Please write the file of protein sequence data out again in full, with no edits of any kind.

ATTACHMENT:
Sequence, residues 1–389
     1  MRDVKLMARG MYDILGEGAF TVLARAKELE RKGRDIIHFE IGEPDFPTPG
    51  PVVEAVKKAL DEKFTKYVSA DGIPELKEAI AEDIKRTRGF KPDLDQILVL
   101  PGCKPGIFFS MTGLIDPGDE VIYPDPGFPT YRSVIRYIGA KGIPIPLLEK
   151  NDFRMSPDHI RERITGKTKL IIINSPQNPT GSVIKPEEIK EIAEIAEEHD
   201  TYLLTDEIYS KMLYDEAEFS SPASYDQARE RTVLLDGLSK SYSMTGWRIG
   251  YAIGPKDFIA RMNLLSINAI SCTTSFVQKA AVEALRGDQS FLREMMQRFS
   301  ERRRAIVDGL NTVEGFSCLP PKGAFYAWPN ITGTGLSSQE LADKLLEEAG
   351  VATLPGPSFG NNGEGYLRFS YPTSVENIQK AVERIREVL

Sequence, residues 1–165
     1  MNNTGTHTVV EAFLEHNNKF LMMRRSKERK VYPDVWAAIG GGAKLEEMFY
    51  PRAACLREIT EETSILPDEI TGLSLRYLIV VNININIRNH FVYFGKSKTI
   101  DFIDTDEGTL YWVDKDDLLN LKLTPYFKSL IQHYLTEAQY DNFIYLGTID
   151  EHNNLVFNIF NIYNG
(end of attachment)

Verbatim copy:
Sequence, residues 1–389
     1  MRDVKLMARG MYDILGEGAF TVLARAKELE RKGRDIIHFE IGEPDFPTPG
    51  PVVEAVKKAL DEKFTKYVSA DGIPELKEAI AEDIKRTRGF KPDLDQILVL
   101  PGCKPGIFFS MTGLIDPGDE VIYPDPGFPT YRSVIRYIGA KGIPIPLLEK
   151  NDFRMSPDHI RERITGKTKL IIINSPQNPT GSVIKPEEIK EIAEIAEEHD
   201  TYLLTDEIYS KMLYDEAEFS SPASYDQARE RTVLLDGLSK SYSMTGWRIG
   251  YAIGPKDFIA RMNLLSINAI SCTTSFVQKA AVEALRGDQS FLREMMQRFS
   301  ERRRAIVDGL NTVEGFSCLP PKGAFYAWPN ITGTGLSSQE LADKLLEEAG
   351  VATLPGPSFG NNGEGYLRFS YPTSVENIQK AVERIREVL

Sequence, residues 1–165
     1  MNNTGTHTVV EAFLEHNNKF LMMRRSKERK VYPDVWAAIG GGAKLEEMFY
    51  PRAACLREIT EETSILPDEI TGLSLRYLIV VNININIRNH FVYFGKSKTI
   101  DFIDTDEGTL YWVDKDDLLN LKLTPYFKSL IQHYLTEAQY DNFIYLGTID
   151  EHNNLVFNIF NIYNG